Legal highs claim 113 lives as Scots drugs deaths fall

THE number of drug- related deaths in Glasgow has fallen sharply, according to new figures.

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Deaths from legal highs rose from 47 to 113 last year
Deaths from legal highs rose from 47 to 113 last year

There were 138 deaths in 2013 across the NHS Greater Glasgow and Clyde (NHSGGC) area, 49 fewer than the previous year.

In the Glasgow City Council area, the number of drug-related deaths fell from 121 to 103.

A spokeswoman for NHSGGC said: "The impact of drug misuse in some of our most deprived communities has enormous consequences for the people who take drugs, their families and the local community.

"NHS Greater Glasgow and Clyde offers a wide range of services to help people combat drug problems, including counselling, prescribed treatment, rehabilitation programmes, harm reduction services and relapse prevention."

NHS Ayrshire and Arran also reported a fall in drug- related deaths, from 43 in 2012 to 36 in 2013.

However, NHS Lanarkshire saw figures rise from 67 in 2012 to 75 last year.

The increase was in South Lanarkshire, where there were 37 drug-related deaths in 2013, compared to 29 in the previous year.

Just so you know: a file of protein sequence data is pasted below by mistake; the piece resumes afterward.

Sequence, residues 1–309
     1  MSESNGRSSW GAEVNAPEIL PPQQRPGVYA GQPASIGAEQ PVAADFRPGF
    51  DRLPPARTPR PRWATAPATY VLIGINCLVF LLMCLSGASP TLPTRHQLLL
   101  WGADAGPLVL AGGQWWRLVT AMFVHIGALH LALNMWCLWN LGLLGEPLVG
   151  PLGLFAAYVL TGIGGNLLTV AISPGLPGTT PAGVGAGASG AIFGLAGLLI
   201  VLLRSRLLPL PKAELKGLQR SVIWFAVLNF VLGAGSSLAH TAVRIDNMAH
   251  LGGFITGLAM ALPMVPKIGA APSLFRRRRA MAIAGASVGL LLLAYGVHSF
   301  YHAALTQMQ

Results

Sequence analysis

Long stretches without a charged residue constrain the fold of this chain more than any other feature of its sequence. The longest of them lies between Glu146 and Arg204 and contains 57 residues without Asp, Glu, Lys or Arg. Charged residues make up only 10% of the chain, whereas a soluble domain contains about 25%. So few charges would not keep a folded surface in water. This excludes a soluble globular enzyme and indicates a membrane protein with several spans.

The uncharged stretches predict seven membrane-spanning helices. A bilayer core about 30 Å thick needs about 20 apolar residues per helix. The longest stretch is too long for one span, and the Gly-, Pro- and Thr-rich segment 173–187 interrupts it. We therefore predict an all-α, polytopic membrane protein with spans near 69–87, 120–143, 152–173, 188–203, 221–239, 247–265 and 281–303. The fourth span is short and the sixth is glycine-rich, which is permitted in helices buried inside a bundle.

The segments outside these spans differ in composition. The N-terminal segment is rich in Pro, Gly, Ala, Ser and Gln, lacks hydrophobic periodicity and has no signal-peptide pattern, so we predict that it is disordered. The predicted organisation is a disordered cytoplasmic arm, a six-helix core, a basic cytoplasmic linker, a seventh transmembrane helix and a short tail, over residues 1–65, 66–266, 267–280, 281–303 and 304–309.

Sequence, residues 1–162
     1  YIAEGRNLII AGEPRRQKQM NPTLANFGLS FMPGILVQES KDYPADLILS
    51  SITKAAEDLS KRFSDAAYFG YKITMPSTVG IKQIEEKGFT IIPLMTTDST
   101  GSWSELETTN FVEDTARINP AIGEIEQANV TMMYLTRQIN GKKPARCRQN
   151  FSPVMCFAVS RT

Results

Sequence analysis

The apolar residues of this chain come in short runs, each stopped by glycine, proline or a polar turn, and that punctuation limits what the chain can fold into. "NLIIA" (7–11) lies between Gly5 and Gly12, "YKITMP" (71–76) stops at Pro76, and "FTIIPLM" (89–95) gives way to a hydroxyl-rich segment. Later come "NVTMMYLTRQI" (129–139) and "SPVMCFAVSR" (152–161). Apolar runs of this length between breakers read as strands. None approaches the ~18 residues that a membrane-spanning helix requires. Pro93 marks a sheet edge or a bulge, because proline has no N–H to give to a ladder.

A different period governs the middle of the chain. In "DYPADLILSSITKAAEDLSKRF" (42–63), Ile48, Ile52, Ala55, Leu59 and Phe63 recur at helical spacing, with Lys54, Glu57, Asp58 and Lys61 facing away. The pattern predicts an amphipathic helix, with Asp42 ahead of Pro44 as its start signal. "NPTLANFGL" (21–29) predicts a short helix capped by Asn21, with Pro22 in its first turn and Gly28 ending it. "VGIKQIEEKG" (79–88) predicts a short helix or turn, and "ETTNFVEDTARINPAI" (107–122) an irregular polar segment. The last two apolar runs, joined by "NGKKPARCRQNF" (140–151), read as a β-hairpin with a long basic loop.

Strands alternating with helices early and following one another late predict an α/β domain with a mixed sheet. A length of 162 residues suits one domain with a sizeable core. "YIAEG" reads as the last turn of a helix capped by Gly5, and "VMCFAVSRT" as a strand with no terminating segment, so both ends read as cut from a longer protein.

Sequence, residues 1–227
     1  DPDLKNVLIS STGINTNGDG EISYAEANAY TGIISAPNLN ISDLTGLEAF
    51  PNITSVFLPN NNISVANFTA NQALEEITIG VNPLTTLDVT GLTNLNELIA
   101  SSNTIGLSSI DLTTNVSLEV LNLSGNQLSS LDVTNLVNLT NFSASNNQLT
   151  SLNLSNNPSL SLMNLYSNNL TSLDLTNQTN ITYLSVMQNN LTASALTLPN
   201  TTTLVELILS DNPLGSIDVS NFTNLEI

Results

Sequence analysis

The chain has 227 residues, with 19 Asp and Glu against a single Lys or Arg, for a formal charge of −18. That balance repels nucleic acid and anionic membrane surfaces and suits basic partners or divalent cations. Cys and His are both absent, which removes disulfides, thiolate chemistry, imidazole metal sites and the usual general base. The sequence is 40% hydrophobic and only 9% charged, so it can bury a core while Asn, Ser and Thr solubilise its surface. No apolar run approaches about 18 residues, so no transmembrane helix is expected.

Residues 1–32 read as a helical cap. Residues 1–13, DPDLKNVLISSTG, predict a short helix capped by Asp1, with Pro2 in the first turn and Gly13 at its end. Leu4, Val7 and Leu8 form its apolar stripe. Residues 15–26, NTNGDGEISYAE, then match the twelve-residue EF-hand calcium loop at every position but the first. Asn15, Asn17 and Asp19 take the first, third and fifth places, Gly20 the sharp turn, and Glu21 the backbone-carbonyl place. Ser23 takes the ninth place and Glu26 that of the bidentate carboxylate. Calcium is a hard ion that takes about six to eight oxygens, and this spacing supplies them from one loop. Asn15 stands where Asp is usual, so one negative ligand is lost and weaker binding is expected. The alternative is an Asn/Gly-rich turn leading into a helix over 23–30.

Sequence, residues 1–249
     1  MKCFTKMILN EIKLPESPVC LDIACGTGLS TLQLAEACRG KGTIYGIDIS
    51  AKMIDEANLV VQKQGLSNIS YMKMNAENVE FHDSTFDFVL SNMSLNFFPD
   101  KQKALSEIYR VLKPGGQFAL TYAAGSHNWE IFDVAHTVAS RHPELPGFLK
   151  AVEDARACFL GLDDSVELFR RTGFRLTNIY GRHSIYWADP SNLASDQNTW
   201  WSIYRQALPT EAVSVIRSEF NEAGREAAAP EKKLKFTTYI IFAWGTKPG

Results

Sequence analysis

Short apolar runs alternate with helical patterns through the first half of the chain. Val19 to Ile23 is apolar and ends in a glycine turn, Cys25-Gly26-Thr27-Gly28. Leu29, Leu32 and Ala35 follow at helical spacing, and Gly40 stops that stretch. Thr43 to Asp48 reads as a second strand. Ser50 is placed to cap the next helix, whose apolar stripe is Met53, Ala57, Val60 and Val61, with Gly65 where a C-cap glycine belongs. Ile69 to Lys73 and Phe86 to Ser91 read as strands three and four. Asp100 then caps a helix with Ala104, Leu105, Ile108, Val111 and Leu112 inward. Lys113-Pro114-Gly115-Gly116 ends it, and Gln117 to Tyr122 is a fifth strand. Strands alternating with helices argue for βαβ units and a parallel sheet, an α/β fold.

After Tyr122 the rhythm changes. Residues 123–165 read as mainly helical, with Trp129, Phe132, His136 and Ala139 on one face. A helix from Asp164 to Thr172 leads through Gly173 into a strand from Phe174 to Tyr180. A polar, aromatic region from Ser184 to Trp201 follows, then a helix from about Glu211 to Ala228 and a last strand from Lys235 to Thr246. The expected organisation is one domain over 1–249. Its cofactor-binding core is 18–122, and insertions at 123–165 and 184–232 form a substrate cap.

In North Lanarkshire the number of deaths was 38 in both 2012 and 2013.

There were 526 drug-related deaths across Scotland, down 9% on the 2012 figure of 581.

Just over 9 out of 10 deaths were of people who took more than one drug, with the majority of the deaths linked to heroin and methadone use.

In Greater Glasgow and Clyde, 53 deaths were linked to heroin and 51 were linked to methadone. Cocaine was a factor in the deaths of 17 people.

Despite an overall fall in the number of drug-related deaths, the number where New Psychoactive Substances (NPS), or legal highs, were present, rose from 47 in 2012 to 113 last year.

Director of the Scottish Drugs Forum, David Liddell, said: "These deaths, although reported separately, have more in common with Scotland's more familiar drug overdose deaths involving opiates, benzodiazepines and/or alcohol. So while the NPS element may be new, sadly the types of death are all too familiar."


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